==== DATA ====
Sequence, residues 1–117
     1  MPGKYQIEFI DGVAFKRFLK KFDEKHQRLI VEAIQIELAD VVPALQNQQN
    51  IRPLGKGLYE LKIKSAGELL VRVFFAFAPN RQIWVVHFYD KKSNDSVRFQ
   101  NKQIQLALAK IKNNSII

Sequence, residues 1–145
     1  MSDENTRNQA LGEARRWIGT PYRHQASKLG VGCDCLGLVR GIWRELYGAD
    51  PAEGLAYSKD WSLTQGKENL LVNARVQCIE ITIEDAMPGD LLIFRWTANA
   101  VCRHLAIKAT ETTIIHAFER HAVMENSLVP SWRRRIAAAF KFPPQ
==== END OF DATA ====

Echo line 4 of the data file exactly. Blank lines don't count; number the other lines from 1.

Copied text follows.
   101  NKQIQLALAK IKNNSII